A tablet, Internet access and a little technical support. It’s a simple combination, but one that is making a big difference to seniors who have been cut off from friends, family and activities during the pandemic.
“Getting them [low-income seniors] connected so they can contact their doctors, contact their families or banks, is really important to us,” said Joseph Silva, director of strategies and partnerships, community health and services with York Region. “They have been more isolated than a lot of seniors.”
In May 2020, the CMA Foundation pledged an unprecedented $10 million to help community recovery and stabilization efforts, through the COVID-19 Community Response Fund for Vulnerable Populations. Learn more.
In Ontario’s York Region, the $60,500 allocated through the COVID-19 Community Response Fund for Vulnerable Populations is targeting low-income seniors living in community housing. This fall, 31 seniors had tablets delivered to their door and technical support offered via video or phone.
“Ideally it would be great to send someone to their home and set it all up, but we’ve had to do it all virtually. It has required a lot more hours of support,” explained Silva. By March 2021, the program aims to enroll around 100 seniors.
“I was so intimidated by technology because I grew up in a time where we didn’t have it and I thought I would never learn … it’s amazing.” – Senior client
Helping seniors cope with loneliness addresses a critical need, Silva said. Social and physical distancing rules have led to the suspension of nearly all in-home services for seniors, putting them at risk of further isolation and deteriorating mental health.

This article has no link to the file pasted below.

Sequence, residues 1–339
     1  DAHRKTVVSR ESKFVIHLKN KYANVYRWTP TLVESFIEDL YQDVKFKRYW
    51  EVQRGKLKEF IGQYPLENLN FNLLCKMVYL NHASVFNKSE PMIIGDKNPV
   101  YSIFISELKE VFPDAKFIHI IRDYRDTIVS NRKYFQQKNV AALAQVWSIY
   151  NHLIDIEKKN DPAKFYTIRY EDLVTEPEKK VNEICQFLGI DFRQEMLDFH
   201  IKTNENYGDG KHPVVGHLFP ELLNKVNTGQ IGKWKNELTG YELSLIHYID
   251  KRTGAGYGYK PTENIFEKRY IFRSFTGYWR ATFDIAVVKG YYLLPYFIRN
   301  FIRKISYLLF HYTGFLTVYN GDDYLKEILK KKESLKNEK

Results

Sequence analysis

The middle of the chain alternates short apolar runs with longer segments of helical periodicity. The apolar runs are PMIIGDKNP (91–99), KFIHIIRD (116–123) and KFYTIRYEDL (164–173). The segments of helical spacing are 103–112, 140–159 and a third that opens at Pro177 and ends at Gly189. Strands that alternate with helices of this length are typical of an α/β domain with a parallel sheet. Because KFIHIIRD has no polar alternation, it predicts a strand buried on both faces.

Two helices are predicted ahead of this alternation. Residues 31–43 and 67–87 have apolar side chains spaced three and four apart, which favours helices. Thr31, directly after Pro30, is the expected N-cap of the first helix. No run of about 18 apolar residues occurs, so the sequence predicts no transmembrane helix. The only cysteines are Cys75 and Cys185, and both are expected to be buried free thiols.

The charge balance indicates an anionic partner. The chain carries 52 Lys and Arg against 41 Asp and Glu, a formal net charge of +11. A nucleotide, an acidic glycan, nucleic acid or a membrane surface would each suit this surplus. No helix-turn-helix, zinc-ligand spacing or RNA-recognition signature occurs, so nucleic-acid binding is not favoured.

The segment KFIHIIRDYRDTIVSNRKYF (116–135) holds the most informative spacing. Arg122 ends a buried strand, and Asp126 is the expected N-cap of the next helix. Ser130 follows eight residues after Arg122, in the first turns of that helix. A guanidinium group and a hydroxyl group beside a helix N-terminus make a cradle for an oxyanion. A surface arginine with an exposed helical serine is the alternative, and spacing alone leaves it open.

“We appreciate the partnership with the Federation of Canadian Municipalities and the CMA Foundation and just their willingness to consider some of these emerging needs,” he said.
He believes the program should be expanded in the future to help more seniors.
There is no going back, he added.
“Technology is so important to keep people connected, reduce isolation and help with well-being,” he said. “The seniors are so proud of themselves for being able to use this technology.”
Thanks to the program, seniors can have virtual consults with a doctor, or renew a prescription with a pharmacist. But it isn’t just for connecting seniors with health care providers or family members. It’s a way to connect seniors to each other, too.
“I was so lonely at the start of this pandemic because I couldn’t see my family. With this tablet I can call them and see their faces and it has made me much happier.” – Senior client
The program — delivered by Human Endeavour, a Vaughan-based non-profit organization focused on improving socioeconomic and living conditions — includes games and fitness activities as a complement to the technical support. The wellness program offers more than 10 sessions to seniors weekly.
The success of the program will be measured through a survey examining three questions: whether seniors have improved access to health and community services, whether they contacted family and friends more frequently and whether they reported improved well-being.
Silva said connecting seniors to technology builds confidence.
“It’s not just dealing with the emergent issues now, like social isolation. It’s about the legacy we leave behind with the project.”
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